The complete guide to building you own native wheel from scratch

There are cases where you want to extend python with native code, e.g. for scientific computing (numpy, scipy), database connectors (mysqlclient, psycopg2) or UI (pygobject, pyqt). For cpython this is traditionally done in C/C++, but you can also use the C api from D (pyd), go (cffi) or rust (cffi or pyo3).

Distributing those extensions is a big problem. Until recently, the only viable option was to write special plugins for setuptools, e.g. milksnake for cffi or setuptools-rust for pyo3. Inspired by the new pyproject.toml, I wanted to get rid of the flaws and resulting pain of setuptools. So I went to write pyo3-pack, which aims at making packaging and publishing native python modules in rust as easy as wasm-pack makes it for javascript.

It turns out that writing such a tool is relatively easy (less than a thousand lines of rust to get from source to wheel). The hard part is to find out what you need to do in the first place. The documentation is scattered across different and partially outdated tutorials, PEPs, stack overflow answers, references, examples and source code; I sometimes even had to resort to reverse engineering. So I decided to write down everything I learned about native wheels, which eventually became this blog post.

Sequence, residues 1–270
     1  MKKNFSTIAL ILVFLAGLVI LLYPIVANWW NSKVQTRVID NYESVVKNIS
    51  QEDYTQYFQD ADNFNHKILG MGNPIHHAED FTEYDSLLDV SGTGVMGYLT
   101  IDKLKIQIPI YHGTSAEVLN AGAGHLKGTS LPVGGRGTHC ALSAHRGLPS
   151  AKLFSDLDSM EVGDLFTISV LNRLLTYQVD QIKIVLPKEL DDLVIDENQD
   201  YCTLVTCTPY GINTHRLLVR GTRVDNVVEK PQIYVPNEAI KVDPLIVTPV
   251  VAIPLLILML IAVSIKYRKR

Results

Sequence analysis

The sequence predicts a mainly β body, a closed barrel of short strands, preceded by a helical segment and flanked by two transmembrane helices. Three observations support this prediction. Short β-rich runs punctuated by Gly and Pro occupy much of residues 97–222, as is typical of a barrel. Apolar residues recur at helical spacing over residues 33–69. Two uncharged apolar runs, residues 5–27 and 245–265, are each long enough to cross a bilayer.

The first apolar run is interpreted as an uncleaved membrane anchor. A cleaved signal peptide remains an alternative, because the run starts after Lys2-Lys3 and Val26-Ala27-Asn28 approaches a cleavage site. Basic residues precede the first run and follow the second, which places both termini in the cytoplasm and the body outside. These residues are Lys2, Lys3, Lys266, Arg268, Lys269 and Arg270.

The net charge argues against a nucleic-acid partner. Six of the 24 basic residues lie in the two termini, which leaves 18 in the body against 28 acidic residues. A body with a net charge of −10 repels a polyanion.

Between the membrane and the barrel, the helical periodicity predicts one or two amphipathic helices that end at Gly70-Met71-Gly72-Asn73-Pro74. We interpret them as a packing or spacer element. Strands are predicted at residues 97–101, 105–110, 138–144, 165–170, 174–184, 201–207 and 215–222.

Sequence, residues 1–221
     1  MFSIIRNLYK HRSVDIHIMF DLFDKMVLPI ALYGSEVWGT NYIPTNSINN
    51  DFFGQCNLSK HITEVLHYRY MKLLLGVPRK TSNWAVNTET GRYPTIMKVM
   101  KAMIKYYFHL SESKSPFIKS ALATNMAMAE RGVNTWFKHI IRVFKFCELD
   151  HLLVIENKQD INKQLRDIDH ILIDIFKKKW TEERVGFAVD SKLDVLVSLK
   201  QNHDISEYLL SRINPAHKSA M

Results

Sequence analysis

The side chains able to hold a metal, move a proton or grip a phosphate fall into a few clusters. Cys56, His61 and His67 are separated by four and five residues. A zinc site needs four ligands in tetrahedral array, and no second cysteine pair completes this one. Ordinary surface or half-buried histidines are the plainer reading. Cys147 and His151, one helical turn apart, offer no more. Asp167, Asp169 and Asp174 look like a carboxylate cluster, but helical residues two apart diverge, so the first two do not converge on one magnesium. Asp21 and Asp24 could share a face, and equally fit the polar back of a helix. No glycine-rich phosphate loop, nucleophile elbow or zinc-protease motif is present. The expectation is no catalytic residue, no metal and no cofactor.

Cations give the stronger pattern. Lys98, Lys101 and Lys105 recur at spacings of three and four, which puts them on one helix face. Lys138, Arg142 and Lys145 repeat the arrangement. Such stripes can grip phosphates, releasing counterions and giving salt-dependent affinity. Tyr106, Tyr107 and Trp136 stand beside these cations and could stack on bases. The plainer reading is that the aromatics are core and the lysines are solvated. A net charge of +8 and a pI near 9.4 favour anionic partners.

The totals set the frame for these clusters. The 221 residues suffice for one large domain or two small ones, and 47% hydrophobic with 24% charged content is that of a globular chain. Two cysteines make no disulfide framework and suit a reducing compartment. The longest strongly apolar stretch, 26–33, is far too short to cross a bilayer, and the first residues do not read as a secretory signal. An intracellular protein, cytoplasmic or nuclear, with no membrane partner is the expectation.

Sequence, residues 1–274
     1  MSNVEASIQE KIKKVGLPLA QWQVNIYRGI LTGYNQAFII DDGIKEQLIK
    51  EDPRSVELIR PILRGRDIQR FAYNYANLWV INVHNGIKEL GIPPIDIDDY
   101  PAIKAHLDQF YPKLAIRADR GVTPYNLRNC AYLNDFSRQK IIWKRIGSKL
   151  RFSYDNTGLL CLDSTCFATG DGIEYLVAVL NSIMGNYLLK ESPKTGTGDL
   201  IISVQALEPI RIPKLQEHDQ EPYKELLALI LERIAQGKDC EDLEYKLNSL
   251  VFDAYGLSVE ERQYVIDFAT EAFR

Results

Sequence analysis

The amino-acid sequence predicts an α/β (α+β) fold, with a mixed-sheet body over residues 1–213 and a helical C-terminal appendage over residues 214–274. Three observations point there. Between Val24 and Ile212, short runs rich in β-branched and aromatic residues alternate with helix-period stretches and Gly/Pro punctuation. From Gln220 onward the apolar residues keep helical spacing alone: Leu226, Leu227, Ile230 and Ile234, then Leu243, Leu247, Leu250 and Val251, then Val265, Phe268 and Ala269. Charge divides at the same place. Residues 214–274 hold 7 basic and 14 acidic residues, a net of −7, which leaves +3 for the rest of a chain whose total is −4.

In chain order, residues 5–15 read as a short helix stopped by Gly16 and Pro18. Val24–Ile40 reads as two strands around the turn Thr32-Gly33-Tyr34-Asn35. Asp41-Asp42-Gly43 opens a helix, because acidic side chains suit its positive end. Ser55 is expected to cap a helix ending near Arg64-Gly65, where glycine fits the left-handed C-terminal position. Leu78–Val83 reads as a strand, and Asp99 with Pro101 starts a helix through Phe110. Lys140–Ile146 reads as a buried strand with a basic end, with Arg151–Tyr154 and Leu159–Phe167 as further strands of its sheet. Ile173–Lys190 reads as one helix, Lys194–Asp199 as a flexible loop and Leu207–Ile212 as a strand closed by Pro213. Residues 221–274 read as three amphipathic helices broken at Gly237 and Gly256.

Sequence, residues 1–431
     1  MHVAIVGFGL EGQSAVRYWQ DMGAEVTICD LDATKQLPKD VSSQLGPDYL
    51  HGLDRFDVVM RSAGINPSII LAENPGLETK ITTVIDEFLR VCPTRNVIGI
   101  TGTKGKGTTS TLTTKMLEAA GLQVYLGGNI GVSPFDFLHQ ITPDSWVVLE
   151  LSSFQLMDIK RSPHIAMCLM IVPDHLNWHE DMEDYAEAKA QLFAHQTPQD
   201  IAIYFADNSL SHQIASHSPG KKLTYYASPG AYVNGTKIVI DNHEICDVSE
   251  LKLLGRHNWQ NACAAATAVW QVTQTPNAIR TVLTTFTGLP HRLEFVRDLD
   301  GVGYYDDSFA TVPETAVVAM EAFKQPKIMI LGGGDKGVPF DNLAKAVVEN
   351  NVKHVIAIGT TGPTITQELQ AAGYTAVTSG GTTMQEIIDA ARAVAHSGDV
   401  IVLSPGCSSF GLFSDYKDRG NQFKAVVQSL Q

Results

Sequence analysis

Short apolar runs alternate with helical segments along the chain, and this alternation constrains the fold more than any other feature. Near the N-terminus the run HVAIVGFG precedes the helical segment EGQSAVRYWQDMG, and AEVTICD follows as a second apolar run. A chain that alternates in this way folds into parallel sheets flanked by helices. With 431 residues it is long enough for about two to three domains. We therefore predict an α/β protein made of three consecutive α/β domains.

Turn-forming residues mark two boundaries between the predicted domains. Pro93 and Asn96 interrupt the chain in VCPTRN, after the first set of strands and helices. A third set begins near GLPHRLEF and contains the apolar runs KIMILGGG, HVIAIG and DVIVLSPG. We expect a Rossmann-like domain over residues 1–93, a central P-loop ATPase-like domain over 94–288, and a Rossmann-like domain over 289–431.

The good parts

The official tutorial on native modules, Extending Python with C or C++, is a good introduction to the core concepts of native modules: The header files, the calling conventions, GC, the object protocol and error handling. It only shows building for C/C++ with distutils (the predecessor to setuptools) though, omits the officially blessed manylinux, and lacks an explanation of the abi and linking options (more on those later).